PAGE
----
Sometimes what instantly yields results among a certain audience, might need more perseverance and restructuring to yield the same results among a different audience. The world of business is all about learning from others and willingness to constantly reinvent and develop with the intention to expand one’s horizons.

Co-Founder and CEO of the Hodgson Group in South Africa, Catherine Hodgson sat with Leadership Magazine and dissected her passion for business and giving back through the YPO structured mentorship programme. It was not an easy feat, introducing this concept to the rest of Africa, as they were not as receptive as her initial founding group in Cape Town, but that did not deter her. She proved that quality leadership will require fierce determination and breaking barriers to get the desired results.

A woman of grace and an entrepreneur of noble yet highly impactful results, Hodgson broke down her successful business, explaining the importance of uplifting local upcoming entrepreneurs; she values sourcing local merchandise and hopes to do more in her industry, introducing local start-up entrepreneurs’ products to local retail supermarkets.

Can you tell us a bit more about your background, particularly focusing on what you do?

I’m an entrepreneur, I am co-founder and CEO of a business that my husband and I started twenty-four years ago. I started out in the corporate environment, in marketing for cosmetic companies, I realised that there were a lot of glass ceilings for women. My ambition pushed me to demand more, to have a say at the table but I could see that, the chair at the table was not readily available for women.

This was in the late eighties, I thought the best thing I could do was be a master of my own destiny and start a business, employing the people that I want to employ. I felt we could do great things in South Africa. We started an importing company supplying the retail chain, so we are an outsourcing arm for the retailers. We predominantly deal with China, but also work with the far Eastern Europe, supplying to major retailers.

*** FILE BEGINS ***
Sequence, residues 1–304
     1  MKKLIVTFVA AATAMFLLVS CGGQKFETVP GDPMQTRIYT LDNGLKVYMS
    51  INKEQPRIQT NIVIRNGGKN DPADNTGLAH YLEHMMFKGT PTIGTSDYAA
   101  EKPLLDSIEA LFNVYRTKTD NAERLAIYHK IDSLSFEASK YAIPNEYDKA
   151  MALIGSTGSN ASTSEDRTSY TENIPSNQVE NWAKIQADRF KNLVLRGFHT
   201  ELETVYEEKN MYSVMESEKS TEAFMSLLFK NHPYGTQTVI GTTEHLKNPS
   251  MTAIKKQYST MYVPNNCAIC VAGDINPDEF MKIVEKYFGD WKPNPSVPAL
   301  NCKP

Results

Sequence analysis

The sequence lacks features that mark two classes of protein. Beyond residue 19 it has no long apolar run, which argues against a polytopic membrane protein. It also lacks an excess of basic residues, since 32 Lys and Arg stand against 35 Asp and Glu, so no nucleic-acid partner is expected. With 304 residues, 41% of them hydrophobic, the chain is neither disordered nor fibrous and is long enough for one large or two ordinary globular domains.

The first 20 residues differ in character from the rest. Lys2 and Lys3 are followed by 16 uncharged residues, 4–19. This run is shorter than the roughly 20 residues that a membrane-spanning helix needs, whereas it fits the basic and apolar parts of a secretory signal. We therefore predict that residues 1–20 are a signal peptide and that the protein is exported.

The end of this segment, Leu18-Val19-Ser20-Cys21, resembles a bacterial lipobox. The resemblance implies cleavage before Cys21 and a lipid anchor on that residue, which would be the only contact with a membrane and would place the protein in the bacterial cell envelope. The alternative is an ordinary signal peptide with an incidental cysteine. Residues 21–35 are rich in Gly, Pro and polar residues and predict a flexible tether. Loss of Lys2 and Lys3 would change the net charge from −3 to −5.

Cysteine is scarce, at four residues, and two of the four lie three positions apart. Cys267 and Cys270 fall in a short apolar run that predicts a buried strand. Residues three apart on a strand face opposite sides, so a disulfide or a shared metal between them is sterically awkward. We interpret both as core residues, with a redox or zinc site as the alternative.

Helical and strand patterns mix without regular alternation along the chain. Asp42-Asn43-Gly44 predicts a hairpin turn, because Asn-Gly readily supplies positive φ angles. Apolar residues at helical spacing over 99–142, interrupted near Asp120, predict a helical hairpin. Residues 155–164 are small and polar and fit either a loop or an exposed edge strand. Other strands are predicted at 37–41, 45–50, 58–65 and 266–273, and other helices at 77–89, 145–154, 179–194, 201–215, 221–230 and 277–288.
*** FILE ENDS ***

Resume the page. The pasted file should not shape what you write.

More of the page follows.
It’s been an incredible journey. I mostly employ females because I believe they have so much to offer the world. My goal is to help develop these women into becoming great leaders, and exemplary people within the society. Employing women has been one of the successes of our business, my husband has been extremely supportive. He has stepped out of the business quite a bit, so I am running the business, working very closely with the retailers. We work on new products and collaborating to ensure we design beautiful new products for retail and consumers in South Africa.

That has been my business, but my passion has been mentoring and I have a whole other career in mentoring. Part of developing people to become great leaders entails massive training and working as a team. It is really important to me, that we build trust, build a great team that is motivated and understands and lives within the values of the company. Our success is mainly attributed to our remarkable team, that we continuously up skill.

What type of products and services do you provide, and where are you located?

We are based in Cape Town, our products are houseware, kitchenware, dining, gifting, cosmetic accessories, cosmetic bags, we supply none foods into supermarkets. Products like cooler bags, baking accessories, our merchandise is very diverse and covers multiple departments. In our head office in Cape Town we have thirty people, we have an office in Hong Kong and a warehouse in Epping. In our warehouse we have a pre-retailing area, we have teams that bring in cosmetic bags, putting on labels and so many more technical administrative duties.

We are trying our best to source locally, here in South Africa. It is really great that there are fantastic entrepreneurs starting up, we still have a long way to go especially with the kind of products we deliver but we are constantly looking for entrepreneurs that we can help develop, in order to get their products into retailers.

Can you please elaborate on your passion for mentoring?